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Non redundant connectivity (NRC) maps

Non-Redundant Connectivity (NRC) maps are summary maps of functional connectivity levels in the brain, estimated from functional Magnetic Resonance (fMRI) series. They are similar to weighted Global Brain Connectivity (GBC) maps (Cole et al. 2010), which are based on averages of correlations with each voxel. However, NRC is based on estimates of multiple correlations instead of bivariate correlations. To avoid dimensionality problems it applies the method of Supervised Principal Components (Bair et al. 2006).

A full description of the method is available in:

Non redundant functional brain connectivity in schizophrenia.
R. Salvador, R. Landín-Romero, M. Anguera, E. J. Canales-Rodríguez, J. Radua, A. Guerrero-Pedraza, S. Sarró, T. Maristany, P.J. McKenna, E. Pomarol-Clotet.
Brain Imaging Behav. 2016 Mar 21. [Epub ahead of print].

Downloading the nrcon program

To run a NRC analysis you can use nrcon, a 64 bit linux executable that can be downloaded from the Download button located at the bottom of this page. The program is contained in the file which also contains other relevant files necessary for its execution. Once has been downloaded, it should be decompressed in a user chosen directory.

Running nrcon

Before running nrcon a linux computer terminal should be opened on the user directory which contains the executable. Apart from the NRC image, the weighted GBC and the Degree Centrality (DC) images will be also calculated by nrcon. Specifically, the nrcon call should be followed by a single command line argument, which is the name of a plain text file containing the following information:

  1. Name of preprocessed and normalized 4D fMRI dataset. It should be a real image (of floats) in compressed NIFTI format (.nii.gz extension).
  2. Name of an integer Mask image (.nii.gz extension) with non zero values for the voxels to be considered in the analysis. It should have the same geometry as the 4D fMRI dataset.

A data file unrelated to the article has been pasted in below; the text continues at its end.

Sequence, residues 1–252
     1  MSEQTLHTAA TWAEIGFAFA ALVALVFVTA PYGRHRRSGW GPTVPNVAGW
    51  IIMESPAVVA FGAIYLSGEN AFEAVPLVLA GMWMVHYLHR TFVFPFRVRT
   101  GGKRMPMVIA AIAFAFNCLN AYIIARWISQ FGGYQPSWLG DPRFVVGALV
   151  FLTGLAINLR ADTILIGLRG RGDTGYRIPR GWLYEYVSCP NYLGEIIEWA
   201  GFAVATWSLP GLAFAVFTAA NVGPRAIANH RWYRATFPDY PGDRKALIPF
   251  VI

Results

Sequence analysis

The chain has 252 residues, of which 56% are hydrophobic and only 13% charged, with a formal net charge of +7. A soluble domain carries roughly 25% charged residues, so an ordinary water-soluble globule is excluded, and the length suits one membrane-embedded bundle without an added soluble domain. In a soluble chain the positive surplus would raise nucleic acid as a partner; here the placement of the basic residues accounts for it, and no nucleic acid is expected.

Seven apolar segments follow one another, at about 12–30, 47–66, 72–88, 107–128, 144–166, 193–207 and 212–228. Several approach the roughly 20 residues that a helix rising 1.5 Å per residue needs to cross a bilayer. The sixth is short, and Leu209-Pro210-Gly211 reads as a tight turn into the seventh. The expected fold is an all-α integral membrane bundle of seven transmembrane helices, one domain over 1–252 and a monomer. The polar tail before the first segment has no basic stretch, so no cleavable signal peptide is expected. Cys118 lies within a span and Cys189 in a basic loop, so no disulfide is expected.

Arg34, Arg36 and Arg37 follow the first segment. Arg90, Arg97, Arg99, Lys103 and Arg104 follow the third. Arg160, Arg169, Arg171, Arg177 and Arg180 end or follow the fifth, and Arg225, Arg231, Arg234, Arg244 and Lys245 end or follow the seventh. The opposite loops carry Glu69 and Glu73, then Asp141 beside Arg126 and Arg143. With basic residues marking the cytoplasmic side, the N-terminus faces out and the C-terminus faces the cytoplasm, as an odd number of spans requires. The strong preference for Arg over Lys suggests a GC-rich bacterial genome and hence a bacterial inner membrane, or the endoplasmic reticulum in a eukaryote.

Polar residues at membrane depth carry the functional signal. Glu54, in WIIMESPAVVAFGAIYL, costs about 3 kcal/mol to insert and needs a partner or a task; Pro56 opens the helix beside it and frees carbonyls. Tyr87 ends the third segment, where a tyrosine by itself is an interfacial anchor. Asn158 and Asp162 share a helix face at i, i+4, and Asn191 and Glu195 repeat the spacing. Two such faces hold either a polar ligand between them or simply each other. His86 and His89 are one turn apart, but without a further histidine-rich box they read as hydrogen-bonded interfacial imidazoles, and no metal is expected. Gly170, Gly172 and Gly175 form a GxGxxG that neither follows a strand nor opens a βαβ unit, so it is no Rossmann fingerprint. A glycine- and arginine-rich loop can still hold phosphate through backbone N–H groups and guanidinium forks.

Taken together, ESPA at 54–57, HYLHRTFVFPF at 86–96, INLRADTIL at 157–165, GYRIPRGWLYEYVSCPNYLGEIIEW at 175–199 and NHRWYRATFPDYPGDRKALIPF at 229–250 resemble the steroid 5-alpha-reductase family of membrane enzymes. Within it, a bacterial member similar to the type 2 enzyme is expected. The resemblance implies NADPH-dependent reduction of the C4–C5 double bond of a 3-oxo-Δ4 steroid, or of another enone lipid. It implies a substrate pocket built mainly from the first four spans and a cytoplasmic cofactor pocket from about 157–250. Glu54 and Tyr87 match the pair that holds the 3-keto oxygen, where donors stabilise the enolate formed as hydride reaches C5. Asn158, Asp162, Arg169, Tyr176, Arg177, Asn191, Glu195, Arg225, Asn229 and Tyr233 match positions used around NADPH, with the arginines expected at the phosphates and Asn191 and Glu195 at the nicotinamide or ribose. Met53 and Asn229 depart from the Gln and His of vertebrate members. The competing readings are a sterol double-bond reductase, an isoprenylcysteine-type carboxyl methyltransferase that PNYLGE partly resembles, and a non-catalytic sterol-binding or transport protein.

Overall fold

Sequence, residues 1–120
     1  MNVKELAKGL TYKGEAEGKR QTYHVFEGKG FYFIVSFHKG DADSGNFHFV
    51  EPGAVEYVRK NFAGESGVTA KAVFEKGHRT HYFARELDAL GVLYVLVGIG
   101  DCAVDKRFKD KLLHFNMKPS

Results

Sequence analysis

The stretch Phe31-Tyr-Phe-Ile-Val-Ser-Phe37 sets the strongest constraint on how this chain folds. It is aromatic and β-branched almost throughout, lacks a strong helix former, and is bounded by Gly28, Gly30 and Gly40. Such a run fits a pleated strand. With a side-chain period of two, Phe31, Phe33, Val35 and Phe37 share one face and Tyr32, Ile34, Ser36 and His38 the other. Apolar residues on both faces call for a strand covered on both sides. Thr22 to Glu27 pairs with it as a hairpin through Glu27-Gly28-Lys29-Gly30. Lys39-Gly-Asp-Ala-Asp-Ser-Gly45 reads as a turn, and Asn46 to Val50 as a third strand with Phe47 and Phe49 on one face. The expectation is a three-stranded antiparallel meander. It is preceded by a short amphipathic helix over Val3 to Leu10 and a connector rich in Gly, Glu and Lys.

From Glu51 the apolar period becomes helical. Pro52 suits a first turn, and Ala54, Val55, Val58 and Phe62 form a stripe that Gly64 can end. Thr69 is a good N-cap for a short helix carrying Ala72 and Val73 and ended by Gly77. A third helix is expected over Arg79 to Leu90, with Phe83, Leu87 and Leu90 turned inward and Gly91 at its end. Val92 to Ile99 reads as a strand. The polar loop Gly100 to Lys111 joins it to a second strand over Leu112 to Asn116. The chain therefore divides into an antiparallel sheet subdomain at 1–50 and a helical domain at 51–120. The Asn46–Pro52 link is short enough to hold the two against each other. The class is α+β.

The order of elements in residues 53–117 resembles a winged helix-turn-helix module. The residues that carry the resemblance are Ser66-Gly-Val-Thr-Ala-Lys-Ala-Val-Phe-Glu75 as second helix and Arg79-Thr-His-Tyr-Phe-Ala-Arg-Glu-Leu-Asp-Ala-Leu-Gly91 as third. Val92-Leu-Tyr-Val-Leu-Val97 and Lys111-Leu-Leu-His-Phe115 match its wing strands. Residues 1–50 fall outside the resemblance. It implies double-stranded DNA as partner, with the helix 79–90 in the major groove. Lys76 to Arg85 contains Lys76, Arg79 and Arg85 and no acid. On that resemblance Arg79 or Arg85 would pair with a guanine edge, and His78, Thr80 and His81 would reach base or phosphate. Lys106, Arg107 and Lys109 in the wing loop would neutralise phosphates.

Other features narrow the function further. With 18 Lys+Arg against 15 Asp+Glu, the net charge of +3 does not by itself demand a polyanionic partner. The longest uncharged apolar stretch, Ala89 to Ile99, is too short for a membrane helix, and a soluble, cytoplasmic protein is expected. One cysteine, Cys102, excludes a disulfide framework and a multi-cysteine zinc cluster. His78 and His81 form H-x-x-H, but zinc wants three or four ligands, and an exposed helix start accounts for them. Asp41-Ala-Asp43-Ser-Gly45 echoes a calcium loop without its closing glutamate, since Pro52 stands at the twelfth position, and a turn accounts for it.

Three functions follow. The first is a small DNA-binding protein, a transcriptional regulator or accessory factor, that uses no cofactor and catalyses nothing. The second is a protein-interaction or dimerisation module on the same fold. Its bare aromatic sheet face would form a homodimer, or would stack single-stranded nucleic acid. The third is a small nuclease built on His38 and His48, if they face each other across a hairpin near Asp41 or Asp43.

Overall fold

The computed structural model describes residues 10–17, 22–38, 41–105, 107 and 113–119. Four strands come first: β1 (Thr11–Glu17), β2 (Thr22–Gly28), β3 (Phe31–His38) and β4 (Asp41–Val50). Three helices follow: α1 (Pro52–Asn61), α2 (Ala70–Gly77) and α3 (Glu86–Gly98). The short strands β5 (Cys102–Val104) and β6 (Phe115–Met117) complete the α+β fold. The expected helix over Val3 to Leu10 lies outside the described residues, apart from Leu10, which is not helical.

3. Correlation value or quantile value to threshold matrix of correlations (only for NRC and DC).
  4. Binary variable to indicate if the previous value is a correlation (0) or a quantile (1).
  5. Binary variable to indicate if we should consider the absolute values of correlations (only for GBC and DC). 0 = NO, 1 = YES.
  6. Amount of random subsampling to speed up NRC calculations (not applied in GBC or DC). 1 = no subsample, 2 = take (the equivalent of ) one every two voxels (in all three directions), 3 = take one in three, ...
  7. Fraction (value between 0 and 1) of variance to be kept from the components in the NRC analysis.
  8. Prefix to be added to the output images.

An example of the content of the input file could be:


Output: It generates six files prefix_nrc.nii.gz (NRC map), prefix_gbc.nii.gz (GBC map), prefix_neigen.nii.gz (map of number of components used), prefix_std.nii.gz (map of voxel amplitudes), prefix_degree.nii.gz (DC map) and a log.txt file.

Some tips

For further help you can email me (Raymond Salvador): rsalvador at fidmag dot com


Cole MW, Pathak S, Schneider W (2010): Identifying the brain's most globally connected regions. NeuroImage. 49:3132-3148.

Bair E, Hastie T, Debashis P, Tibshirani R (2006): Prediction by Supervised Principal Components. Journal of the American Statistical Association. 101:119-137.